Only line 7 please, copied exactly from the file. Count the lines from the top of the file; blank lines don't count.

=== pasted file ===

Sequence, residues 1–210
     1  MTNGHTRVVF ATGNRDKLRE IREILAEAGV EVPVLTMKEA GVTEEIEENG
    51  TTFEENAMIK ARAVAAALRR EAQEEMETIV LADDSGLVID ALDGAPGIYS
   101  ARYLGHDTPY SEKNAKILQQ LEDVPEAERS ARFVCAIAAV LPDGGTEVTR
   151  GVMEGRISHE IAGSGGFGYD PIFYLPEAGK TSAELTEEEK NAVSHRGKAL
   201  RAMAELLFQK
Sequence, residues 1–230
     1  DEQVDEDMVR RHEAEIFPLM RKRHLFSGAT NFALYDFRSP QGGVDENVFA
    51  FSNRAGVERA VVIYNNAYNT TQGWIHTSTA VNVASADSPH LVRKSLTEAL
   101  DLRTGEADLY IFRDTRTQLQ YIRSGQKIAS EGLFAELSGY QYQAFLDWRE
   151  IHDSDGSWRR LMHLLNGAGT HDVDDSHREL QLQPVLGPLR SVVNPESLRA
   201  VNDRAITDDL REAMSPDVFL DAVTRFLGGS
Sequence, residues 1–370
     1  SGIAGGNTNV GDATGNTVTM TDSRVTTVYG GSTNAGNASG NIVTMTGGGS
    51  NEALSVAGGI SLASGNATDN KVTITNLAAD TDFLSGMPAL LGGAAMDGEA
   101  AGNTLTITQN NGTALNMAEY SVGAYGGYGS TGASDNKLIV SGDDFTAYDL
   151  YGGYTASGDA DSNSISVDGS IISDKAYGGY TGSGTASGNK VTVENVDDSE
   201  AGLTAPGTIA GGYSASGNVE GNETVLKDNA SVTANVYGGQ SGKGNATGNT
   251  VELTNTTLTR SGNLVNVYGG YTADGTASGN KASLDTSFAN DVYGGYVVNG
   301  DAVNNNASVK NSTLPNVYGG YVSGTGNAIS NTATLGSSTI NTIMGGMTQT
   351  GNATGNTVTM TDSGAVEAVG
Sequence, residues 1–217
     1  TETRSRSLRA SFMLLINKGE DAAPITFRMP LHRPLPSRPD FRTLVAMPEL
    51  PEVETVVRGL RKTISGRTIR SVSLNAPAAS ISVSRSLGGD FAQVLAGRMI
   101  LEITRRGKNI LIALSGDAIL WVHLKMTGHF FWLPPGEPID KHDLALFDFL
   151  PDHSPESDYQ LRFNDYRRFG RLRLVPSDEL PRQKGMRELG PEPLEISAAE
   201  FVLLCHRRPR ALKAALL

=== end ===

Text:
Sequence, residues 1–230